By 1901, the pro-baseball-player-turned-revivalist Billy Sunday was popular enough that construction of large wood tabernacles would begin to be constructed months in advance of his revival. They were large enough to hold up to 10 percent of a population in a smaller city, and up to 20,000 people in major cities.
The aisles of the earthen floor of the tabernacle were covered with sawdust, which accomplished several purposes. It was less expensive than constructing temporary wooden floors. In an age before air conditioning—or antiperspirants!—it could be swept out and refreshed with a fresh new smell throughout the tabernacle.
But the most significant reason was explained in 1917 by newspaper man Theodore Thomas Frankenberg, whose book on Billy Sunday explained the architecture of the tabernacles and the importance of acoustics:
The prime requisite in every instance is the best possible accommodation of a single voice. To this end, lofty ceilings are abandoned and low straight roofs are used. The platform or speaking pulpit is pushed as far as possible toward the center of the auditorium. Necessity as much as anything else gave rise to the famous “sawdust trail.” Where thousands of people are gathered together even an occasional shuffling of feet is a serious disturbance. No sort of floor is noiseless, certain none that is possible in a temporary structure—therefore the sawdust covering. This is absolutely soundless and by giving it a base of tamped tanbark it is also impervious to fire.
Ma Sunday, Billy’s wife, traced the terminology of “hitting the sawdust trail” back to a tabernacle revival in Bellingham, Washington, in 1910:
Billy had been preaching for seven or eight nights . . . without giving an invitation, and finally he decided that it was time to give one. And, as people started to go forward and take Billy’s hand to accept the Lord Jesus Christ as their Savior, some man spoke up aloud in the meeting and said, “oh, they’re hitting the sawdust trail.”
Lyle Dorsett, in Billy Sunday and the Redemption of Urban America, explains the cultural context of the term:
In those days lumberjacks would enter a deep, dark forest to scale the timber or calculate how much could be cut from an area. Because it was virgin territory, there were no trails by which to enter and return. Rather than use a compass, the lumberman carried bags of sawdust on their shoulders. As they entered the woods, they left a trail of sawdust so they could easily retrace their steps to their point of entry.
Mrs. Sunday commented:
In that country, that sawdust trail represents coming from what would have been a lost condition to a saved condition—from a dark, uninteresting and unsatisfactory place to back home, to light, and comfort, and friends and family.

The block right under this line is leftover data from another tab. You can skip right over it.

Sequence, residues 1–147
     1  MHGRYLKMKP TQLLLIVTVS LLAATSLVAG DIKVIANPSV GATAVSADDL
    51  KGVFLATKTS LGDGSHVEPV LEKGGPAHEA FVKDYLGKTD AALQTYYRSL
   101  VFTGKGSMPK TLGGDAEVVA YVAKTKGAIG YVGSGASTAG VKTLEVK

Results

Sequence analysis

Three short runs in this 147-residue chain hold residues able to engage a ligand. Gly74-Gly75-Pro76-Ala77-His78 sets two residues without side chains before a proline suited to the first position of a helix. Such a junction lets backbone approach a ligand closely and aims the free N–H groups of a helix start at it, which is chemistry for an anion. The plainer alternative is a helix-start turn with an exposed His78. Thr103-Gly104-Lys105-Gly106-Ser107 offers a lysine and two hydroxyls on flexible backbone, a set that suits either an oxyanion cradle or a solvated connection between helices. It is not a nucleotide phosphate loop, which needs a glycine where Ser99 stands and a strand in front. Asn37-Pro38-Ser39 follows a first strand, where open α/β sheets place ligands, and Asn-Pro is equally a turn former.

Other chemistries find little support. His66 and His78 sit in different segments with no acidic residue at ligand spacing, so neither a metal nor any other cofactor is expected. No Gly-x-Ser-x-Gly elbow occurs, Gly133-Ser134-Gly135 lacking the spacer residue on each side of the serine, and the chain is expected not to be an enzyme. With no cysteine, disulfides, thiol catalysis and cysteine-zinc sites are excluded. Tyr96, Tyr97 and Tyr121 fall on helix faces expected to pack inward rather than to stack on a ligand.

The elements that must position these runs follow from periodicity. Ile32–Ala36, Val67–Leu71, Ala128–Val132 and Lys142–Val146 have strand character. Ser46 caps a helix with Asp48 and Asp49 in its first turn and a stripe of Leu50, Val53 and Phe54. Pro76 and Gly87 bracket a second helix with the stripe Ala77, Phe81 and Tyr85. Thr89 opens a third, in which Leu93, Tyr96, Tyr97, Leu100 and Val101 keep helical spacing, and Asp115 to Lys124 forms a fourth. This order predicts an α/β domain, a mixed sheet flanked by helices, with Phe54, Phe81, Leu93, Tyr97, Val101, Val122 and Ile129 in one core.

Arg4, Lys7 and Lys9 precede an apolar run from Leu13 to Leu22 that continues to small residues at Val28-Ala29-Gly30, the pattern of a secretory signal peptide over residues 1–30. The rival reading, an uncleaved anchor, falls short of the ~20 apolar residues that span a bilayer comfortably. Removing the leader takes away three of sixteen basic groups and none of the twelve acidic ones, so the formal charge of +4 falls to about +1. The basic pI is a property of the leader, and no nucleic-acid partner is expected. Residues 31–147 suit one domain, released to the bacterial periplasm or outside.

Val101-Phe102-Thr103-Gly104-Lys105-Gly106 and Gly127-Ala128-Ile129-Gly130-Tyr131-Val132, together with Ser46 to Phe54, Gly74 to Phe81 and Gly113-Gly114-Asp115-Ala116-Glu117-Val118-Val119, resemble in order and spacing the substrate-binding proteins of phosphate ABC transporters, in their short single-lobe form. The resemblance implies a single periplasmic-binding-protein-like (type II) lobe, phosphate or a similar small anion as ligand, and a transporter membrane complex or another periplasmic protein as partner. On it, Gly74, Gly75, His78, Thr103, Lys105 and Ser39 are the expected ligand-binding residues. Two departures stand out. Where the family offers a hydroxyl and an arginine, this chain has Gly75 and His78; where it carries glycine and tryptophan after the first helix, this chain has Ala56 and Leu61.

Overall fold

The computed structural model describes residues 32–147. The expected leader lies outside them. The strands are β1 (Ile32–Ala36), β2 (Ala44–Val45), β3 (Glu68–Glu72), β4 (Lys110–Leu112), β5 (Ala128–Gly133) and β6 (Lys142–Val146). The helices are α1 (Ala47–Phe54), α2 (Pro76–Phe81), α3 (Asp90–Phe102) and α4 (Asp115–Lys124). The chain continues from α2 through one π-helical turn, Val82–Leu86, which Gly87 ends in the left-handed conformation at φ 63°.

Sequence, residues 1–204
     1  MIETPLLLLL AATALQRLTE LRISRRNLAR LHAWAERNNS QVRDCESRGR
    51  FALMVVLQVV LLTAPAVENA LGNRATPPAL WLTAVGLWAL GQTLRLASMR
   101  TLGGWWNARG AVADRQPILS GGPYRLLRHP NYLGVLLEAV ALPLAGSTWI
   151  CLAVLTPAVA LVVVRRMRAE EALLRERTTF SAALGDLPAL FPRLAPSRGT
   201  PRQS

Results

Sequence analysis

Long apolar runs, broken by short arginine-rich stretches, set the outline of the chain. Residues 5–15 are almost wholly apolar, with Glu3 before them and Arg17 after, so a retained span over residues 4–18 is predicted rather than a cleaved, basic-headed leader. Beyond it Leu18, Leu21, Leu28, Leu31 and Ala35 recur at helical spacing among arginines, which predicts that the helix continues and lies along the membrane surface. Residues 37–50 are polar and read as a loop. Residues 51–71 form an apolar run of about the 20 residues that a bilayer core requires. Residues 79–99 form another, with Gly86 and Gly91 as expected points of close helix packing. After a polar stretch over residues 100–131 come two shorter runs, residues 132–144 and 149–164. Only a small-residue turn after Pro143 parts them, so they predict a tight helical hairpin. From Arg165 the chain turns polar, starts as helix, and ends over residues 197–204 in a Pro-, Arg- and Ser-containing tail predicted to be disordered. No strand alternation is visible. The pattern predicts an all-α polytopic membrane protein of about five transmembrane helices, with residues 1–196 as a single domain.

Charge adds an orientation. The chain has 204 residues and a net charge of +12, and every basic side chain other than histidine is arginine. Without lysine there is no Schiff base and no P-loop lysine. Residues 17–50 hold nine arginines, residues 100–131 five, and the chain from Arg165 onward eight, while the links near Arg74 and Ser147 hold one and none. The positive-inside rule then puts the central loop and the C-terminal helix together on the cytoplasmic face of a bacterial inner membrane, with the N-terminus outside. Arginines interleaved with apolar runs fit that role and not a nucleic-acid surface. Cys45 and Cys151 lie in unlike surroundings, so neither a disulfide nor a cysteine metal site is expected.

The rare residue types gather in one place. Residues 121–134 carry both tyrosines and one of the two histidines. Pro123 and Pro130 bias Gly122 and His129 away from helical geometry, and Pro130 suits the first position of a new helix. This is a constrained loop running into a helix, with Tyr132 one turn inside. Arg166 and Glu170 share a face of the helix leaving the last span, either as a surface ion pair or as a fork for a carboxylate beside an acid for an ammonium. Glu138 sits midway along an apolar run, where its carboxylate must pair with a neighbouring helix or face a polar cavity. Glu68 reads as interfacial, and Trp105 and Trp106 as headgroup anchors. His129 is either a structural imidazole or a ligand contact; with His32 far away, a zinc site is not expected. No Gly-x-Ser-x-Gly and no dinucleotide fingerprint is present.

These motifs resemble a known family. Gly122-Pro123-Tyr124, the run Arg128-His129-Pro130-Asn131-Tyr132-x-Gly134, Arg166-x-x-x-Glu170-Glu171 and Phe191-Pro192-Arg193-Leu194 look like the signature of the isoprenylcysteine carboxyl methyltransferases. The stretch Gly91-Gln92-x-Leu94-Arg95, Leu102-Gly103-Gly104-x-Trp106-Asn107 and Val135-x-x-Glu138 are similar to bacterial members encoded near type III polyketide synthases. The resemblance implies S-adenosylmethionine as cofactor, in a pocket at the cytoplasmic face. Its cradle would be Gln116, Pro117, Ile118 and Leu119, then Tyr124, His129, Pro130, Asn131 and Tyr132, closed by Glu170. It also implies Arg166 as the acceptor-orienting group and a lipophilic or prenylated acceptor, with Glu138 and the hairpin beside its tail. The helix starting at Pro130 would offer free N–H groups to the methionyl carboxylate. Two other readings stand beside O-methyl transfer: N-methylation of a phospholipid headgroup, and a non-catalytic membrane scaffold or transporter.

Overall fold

William Ellis, writing about Billy Sunday and his revivals in 1914, explains how the literal and metaphorical uses of “sawdust trail” came together:
Pioneers are necessarily unconventional. America has done more than transform a wilderness into a nation: in the process she has created new forms of life and of speech. Back from the frontier has come a new, terse, vigorous and pictorial language. Much of it has found its way into the dictionaries. The newer West uses the word “trail”—first employed to designate the traces left by traveling Indians—to designate a path. The lumbermen commonly call the woods roads “trails.”
Imagine a lumberman lost in the big woods. He has wandered, bewildered, for days. Death stares him in the face. Then, spent and affrighted, he comes to a trail. And the trail leads to life; it is the way home.
There we have the origin of the expression “Hitting the sawdust trail,” used in Mr. Sunday’s meetings as a term similar to the older stereotyped phrases: “Going forward”; “Seeking the altar.” The more conventional method, used by the other evangelists, is to ask for a show of hands.
Out in the Puget Sound country, where the sawdust aisles and the rough tabernacle made an especial appeal to the woodsmen, the phrase “Hitting the sawdust trail” came into use in Mr. Sunday’s meetings. The figure was luminous. For was not this the trail that led the lost to salvation, the way home to the Father’s house?
The metaphor appealed to the American public, which relishes all that savors of our people’s most primitive life. Besides, the novel designation serves well the taste of a nation which is singularly reticent concerning its finer feelings, and delights to cloak its loftiest sentiments beneath slang phrases. The person who rails at “hitting the trail” as an irreverent phrase has something to learn about the mind of Americans. Tens of thousands of persons have enshrined the homely phrase in the sanctuary of their deepest spiritual experience.
For a detailed and evocative description of what it was like to witness this, you can read Ellis’s whole description.